Glasgow 2014: Cyclist tests negative for Ebola
An athlete at the Commonwealth Games in Glasgow has tested negative for Ebola, organisers have confirmed.
A spokesman for Glasgow 2014 said the competitor was given tests for a number of conditions after he fell ill last week and was admitted to hospital.
Sierra Leone road cyclist Moses Sesay, 32, competed in his event, the men's individual time trial, on Thursday.
Ebola has caused more than 700 deaths since February in an outbreak affecting four west African countries.
The spokesman said: "There is no Ebola in the Athletes' Village of the Glasgow 2014 Commonwealth Games.
"We can confirm an athlete was tested for a number of things when he fell ill last week, including Ebola.
"The tests were negative and the athlete competed in his event on Thursday."
"We are dismayed by some of the sensational and misleading headlines to date."
A spokeswoman for Health Protection Scotland added it was an isolated incident and no other athletes were tested.
"No one has tested positive for Ebola in Scotland," she said.
Speaking on BBC Radio Scotland about how Scotland is dealing with any potential Ebola cases, Dr Colin Ramsay, of Health Protection Scotland, said: "There's been no programme of actively screening athletes simply because of the Commonwealth Games.
"The situation is that if someone presents with symptoms suggestive of the possibility of Ebola virus infection and who has come from a country affected by the current outbreak - and that's Sierra Leone and Guinea and Liberia - they would be investigated accordingly and that would involve managing them with a set of standard precautions."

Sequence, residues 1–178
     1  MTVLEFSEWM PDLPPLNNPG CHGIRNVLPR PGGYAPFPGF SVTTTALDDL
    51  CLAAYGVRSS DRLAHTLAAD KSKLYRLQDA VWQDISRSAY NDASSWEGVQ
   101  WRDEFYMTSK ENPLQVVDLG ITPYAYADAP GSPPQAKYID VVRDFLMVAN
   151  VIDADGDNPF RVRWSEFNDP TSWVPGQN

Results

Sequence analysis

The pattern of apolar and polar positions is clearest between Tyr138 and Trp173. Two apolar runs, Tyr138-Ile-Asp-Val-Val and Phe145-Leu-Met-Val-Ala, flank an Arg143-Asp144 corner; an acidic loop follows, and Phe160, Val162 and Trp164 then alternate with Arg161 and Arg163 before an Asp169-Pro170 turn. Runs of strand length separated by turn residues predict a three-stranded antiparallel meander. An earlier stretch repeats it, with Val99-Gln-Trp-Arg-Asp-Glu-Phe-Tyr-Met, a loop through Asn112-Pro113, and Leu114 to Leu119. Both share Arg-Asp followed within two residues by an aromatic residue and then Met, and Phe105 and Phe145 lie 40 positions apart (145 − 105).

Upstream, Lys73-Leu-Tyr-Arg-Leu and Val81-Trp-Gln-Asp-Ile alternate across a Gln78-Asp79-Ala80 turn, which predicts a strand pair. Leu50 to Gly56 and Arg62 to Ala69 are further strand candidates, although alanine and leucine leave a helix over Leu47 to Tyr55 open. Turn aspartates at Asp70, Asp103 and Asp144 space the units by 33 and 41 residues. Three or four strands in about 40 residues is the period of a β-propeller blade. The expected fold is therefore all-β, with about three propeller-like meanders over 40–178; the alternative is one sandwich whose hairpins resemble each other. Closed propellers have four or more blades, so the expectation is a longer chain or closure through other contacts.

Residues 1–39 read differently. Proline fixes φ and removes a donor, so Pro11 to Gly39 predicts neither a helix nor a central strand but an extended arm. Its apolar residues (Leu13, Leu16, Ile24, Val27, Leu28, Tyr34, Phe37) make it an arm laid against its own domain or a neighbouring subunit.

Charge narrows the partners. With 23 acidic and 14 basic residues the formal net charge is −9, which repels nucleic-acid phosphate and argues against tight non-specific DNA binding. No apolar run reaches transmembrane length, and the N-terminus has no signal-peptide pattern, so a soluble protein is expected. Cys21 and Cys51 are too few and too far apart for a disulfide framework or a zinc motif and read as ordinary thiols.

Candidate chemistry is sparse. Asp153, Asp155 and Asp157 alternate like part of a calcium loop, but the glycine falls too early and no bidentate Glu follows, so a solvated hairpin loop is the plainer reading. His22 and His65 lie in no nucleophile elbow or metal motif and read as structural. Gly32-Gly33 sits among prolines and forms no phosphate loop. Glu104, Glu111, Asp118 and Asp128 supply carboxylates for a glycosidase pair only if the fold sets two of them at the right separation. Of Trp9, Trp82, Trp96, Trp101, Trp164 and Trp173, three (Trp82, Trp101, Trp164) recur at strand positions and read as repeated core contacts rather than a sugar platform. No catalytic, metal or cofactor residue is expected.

He added: "People in this sort of situation would be investigated for a number of conditions, not just Ebola."
Sesay's home country, where more than 200 people have died from the disease, has declared a public health emergency.
World Health Organization (WHO) director general Margaret Chan will meet the presidents of Liberia, Sierra Leone and Guinea later to discuss the outbreak of Ebola in west Africa.
The WHO is hoping that public health organisations around the world will help provide several hundred more medical staff needed to treat the victims of the fever.
The outbreak - the world's deadliest to date - was first reported in Guinea in February.
It then spread to Liberia and Sierra Leone, and a person who travelled from Liberia to Nigeria died of the virus shortly after arriving in Lagos last week.
Ebola kills up to 90% of those infected but patients have a better chance of survival if they receive early treatment.
Ebola virus disease (EVD)
- Symptoms include high fever, bleeding and central nervous system damage
- Fatality rate can reach 90%
- Incubation period is two to 21 days
- There is no vaccine or cure
- Supportive care such as rehydrating patients who have diarrhoea and vomiting can help recovery
- Fruit bats are considered to be virus' natural host